The Sunday Night Event

by Abbey Cahill | 7/14/16 6:30pm

A student takes in a television show at the Collis Center.

I’ve always been bad at pop culture. I don’t know any actors, I’ve never subscribed to a magazine and I went years pronouncing “Nike” without the “e.” No one even bothered to correct me. My relationship with television is no exception to this pattern. Somewhere along the way, in an attempt to justify my general cluelessness, I adopted an obnoxious holier-than-thou perspective and decided that TV was a base and unfulfilling activity for people who didn’t have anything better to do with their time.

And then this past winter, I watched “The Bachelor” with my sorority — for about five weeks until contestants on the show became too mean, and we all felt uncomfortable. But it still managed to permanently change my thoughts on TV. For those who don’t watch, here’s the premise: a hot guy selects a wife from a pool of thirsty contestants. Isolated from the rest of the world and provided with a steady flow of alcohol, these women are pushed to their breaking points, and we relish watching every second of it.

In short, it is a degrading and reductive show. Roxane Gay says it well in her book, “Bad Feminist,” arguing that reality TV forces women into pre-established, artificial roles.

“The repetition of gender acts in reality television becomes grossly stylized through artificially tanned skin, elaborate hair extensions, dramatic make up, surgically enhanced bodies and chemically injected faces,” Gay writes. “The acts become grossly stylized through bad behavior, often carefully orchestrated by producers.”

I, too, must be a bad feminist, because I don’t really care. Yes, the show is awful, but it gave me an escape from the real world. Once a week, I would sink into the couch in our TV room with an extra large bag of popcorn and a group of friends, and for the next two hours the only worry on our minds was whether Ben would choose Lauren B. or JoJo.

Bachelor time was our time. And I realized it wasn’t about what we were watching. It was about where and when and with whom.

Amy Lawrence, a film and media studies professor, believes in the incredible power of television as a shared experience.

“Watching television in a group emphasizes the program’s status as an event; you have to all be there together at the same time,” Lawrence said. “It also increases feedback, commentary and emotional involvement. People mirror each others’ reactions. For instance, comedies are funnier with a large audience.”

That’s why when sports fans fill an arena, the energy is palpable. When we respond to the reactions of those around us, we create a positive feedback loop in which excitement builds and builds. I hate football, for example, but I love watching the Super Bowl. The rowdiness of a large group of people crammed in front of one television is contagious.

Tiffany Dyson ’18 has never missed a Super Bowl. Each year, her family meets up with friends to place bets, eat food and enjoy each other’s company. At college, she was determined to keep the tradition alive.

“I’ve watched it all my life and didn’t want being away from home to hinder the tradition,” Dyson said. “The Super Bowl definitely made me nostalgic. I texted my dad the whole time since I knew he was watching at the same time.”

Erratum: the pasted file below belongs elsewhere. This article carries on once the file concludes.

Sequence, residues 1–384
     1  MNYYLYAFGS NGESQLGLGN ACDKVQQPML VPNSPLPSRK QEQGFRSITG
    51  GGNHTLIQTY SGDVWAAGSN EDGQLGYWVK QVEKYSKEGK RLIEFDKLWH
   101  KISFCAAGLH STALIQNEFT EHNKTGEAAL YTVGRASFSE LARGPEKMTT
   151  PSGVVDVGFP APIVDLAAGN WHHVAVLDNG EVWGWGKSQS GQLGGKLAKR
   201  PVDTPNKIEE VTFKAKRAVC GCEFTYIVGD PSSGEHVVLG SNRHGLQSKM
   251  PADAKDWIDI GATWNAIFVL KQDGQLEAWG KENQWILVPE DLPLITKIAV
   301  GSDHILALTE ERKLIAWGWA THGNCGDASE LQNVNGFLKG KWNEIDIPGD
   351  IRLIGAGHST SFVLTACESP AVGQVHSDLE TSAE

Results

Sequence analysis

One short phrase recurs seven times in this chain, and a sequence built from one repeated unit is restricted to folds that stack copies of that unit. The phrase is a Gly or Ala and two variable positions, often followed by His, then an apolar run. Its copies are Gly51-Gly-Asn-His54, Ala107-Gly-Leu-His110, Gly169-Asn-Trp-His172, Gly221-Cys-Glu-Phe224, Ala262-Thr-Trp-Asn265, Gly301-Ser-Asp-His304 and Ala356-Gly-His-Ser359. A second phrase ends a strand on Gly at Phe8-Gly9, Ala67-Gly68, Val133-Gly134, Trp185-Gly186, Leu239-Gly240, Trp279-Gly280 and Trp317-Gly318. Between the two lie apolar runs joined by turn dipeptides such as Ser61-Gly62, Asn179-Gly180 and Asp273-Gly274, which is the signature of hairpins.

For the past two years, she has watched the game with a large group of people at Beta Alpha Omega fraternity.

“It felt like home,” Dyson said. “It’s a unifying experience because it brings students from different backgrounds together, through one common interest.”

Television serials, Lawrence argued, promote even more social interaction.

“Each episode of a serial like ‘Game of Thrones’ is open-ended, encouraging speculation and discussion about what might happen next,” Lawrence said.

Will Huff ’15 watched “Game of Thrones” at Phi Delta Alpha fraternity every single Sunday at 9:00 p.m. The viewing parties were important. Homework was done before 8:30 p.m., six couches filled by 8:40 p.m. and the room fell silent at 9:00 p.m. on the dot.

“The second the episode started, there was constant shushing for everyone to be quiet, because God forbid we miss any part of the dialogue — or even the introduction music,” Huff said.

Phoebe Hersh ’18 joined the viewing parties at Phi Delt each Sunday. Everyone was really invested in the show, she said. That’s what made it so entertaining.

“They would order pizza and everyone would cheer or boo at the screen,” Hersh remembered.

After each episode, people would share their opinions or predictions. The show was a shared experience; it was common ground.

“It didn’t matter if you were a senior enjoying your last term at Dartmouth, or a sophomore who took off the winter and was finally enjoying being a brother,” Huff said. “We all came together to watch our favorite characters die.”

I often associate television series with solitary Netflix sessions. In the age of binge-watching, it is easy for TV to become a solo pastime rather than a weekly anticipated event. But when a show becomes a viewing party, great things happen. Viewing parties can serve as breaks in our busy lives, ways to connect with people we don’t know and opportunities to share an experience with the people we love.

Even if you’re watching an airbrushed, overly-glorified rando handing out symbolic flowers to his suitors in a dramatic rose ceremony, it’s the camaraderie that counts.